December traditionally marks our compilation of an annual list chronicling the year’s most notable corporate collapses. This task posed a challenge for several years due to the scarcity of corporate insolvencies in Australia and on the global stage. However, 2023 brought about a stark reversal, as the year witnessed a surge in large corporate collapses, leaving a trail of defunct entities in its wake.

Redcycle: A Recycling Ambition Meets Operational Hurdles

Redcycle, an industry-led soft plastics recycling business, partnered with major players like Coles and Woolworths. Despite commendable intentions, inadequate recycling infrastructure in Australia led to the stock-piling of soft plastic waste across 44 warehouses nationwide upon Redcycle’s collapse. The aftermath poses a challenge for state Environmental Protection Agencies, with uncertainty looming over whether the stockpiles will ever reach recycling facilities despite Coles and Woolworths assuming responsibility.


BWX Limited: The Downfall of an Australian Beauty Empire

BWX Limited, a prominent Australian Beauty Products business, soared with numerous brand acquisitions until lenders appointed receivers by early 2023, forcing the company into Voluntary Administration. The ongoing process of selling various company divisions to third parties remains in progress, signifying the disintegration of a once-thriving market contender.


Porter Davis Homes: From a Housing Behemoth to Liquidation

March 2023 marked the demise of Porter Davis Homes, once among Australia’s largest home builders. Liquidation revealed approximately 375 incomplete homes, and creditors owed over $500 million. While efforts were made to transfer some homes to other builders to complete, a segment relied on the last-resort insurance scheme orchestrated by the Victorian government for affected homeowners.


MILKRUN: A Rapid Collapse in the Ultra-Fast Grocery Delivery Industry

MILKRUN, unable to achieve profitability despite substantial start-up funding, succumbed as investors shifted focus to businesses with clearer commercialisation strategies. Liquidators sold the business’s intellectual property to Woolworths, enabling its revival after the collapse.


Top Place: Construction Giants’ Defective Legacy

With debts exceeding $200 million, Top Place, a construction conglomerate operational since 1992, collapsed following the loss of its building license due to unresolved defects at a Sydney development. The fallout leaves numerous property owners grappling with defects and financial losses.


Sara Lee: A Culinary Icon’s Disappointing End

An Australian culinary icon that resonates with so many people, Sara Lee attributed its collapse to escalating input costs such as rent raw materials and energy prices, supply chain disruptions, and reduced sales post-price hikes. Despite $50 million in debt, hopes persist for a business sale in early 2024.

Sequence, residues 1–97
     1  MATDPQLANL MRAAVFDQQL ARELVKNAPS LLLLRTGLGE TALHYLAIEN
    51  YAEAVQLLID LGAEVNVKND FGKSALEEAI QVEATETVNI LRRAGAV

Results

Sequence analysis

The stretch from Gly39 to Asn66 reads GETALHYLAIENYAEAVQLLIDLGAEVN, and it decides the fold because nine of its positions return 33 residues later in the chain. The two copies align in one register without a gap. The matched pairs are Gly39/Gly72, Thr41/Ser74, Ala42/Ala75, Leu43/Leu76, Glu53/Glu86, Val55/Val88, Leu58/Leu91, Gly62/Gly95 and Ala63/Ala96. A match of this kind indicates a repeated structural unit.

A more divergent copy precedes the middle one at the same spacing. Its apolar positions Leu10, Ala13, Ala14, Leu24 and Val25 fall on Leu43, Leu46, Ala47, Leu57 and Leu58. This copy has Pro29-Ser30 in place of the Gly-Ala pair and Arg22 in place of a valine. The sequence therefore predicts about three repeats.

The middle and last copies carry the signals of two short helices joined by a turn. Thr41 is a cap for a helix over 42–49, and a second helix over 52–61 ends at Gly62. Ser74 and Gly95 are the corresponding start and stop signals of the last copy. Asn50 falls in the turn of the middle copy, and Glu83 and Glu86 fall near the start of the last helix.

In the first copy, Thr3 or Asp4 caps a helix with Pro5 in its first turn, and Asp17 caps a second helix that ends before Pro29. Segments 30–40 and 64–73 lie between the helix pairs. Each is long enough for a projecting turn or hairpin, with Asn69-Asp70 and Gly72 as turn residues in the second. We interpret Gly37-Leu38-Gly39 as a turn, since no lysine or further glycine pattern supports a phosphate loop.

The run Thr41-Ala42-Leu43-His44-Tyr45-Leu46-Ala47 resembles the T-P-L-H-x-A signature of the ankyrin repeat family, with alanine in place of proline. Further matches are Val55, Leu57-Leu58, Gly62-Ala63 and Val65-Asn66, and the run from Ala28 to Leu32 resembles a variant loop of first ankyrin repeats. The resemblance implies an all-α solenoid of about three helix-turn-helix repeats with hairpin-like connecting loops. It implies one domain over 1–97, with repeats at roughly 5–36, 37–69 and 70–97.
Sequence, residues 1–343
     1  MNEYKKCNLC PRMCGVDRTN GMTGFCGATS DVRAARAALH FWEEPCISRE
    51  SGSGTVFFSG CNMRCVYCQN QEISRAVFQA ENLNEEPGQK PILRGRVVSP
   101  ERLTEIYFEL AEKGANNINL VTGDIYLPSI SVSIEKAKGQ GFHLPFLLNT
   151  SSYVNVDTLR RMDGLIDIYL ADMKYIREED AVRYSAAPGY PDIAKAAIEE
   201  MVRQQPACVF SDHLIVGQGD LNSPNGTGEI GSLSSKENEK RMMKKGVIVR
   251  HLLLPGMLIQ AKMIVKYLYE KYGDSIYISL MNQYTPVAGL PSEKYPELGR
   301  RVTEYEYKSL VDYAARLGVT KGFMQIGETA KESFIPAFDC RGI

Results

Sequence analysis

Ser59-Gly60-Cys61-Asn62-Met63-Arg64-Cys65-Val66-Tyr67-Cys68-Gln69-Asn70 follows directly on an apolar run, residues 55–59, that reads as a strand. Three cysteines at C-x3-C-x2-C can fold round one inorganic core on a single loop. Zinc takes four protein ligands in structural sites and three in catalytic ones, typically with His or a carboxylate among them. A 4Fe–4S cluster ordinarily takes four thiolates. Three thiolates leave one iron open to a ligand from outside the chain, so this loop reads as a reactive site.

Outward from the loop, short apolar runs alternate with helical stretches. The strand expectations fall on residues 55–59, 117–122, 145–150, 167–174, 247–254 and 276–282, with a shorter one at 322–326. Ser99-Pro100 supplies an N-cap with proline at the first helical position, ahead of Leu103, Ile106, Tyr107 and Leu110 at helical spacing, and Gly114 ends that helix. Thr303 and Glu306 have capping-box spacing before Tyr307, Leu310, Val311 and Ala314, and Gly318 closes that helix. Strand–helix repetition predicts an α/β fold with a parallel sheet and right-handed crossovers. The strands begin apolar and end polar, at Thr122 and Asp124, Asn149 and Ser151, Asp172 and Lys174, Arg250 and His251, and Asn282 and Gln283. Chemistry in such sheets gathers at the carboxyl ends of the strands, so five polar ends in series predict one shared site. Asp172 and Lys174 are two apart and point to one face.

WeWork: A Spectacular Rise and Fall

WeWork, once valued at $47 billion, saw a staggering downfall from its tech-oriented image to essentially revealing itself as an office rental business, taking on office leases in some of the most expensive real estate. Hindered by internal operating issues and COVID-19’s impact on workplaces, WeWork is navigating $18 billion in liabilities and using Chapter 11 bankruptcy proceedings to restructure its operations effectively.


Silicon Valley Bank: Tech-Oriented Bank’s Devastating Collapse

A specialized bank serving the tech industry, Silicon Valley Bank (SVB), faced a collapse due to declining bond values resulting from interest rate hikes. Despite a $1.7 billion capital raise attempt, deposit holders’ run on the bank led to receivership with the Federal Deposit Insurance Corporation stepping in.


Honorable Mentions:

Several other notable collapses deserve recognition for their impact, including Ezibuy, numerous F45 franchisees, Scotts Transport, In2food, Alice McCall, and many others. Each collapse underscores the financial tumult and challenges that characterised 2023 across various industries.

2023 stands as a testament to the unpredictable nature of corporate landscapes, with stalwart entities faltering and industries undergoing significant upheaval.


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This information and the contents of this publication, current as at the date of publication, is general in nature to offer assistance to RRI Advisory’s clients, prospective clients and stakeholders, and is for reference purposes only. It does not constitute legal or financial advice. If you are concerned about any topic covered, we recommend that you seek your own specific legal and financial advice before taking any action.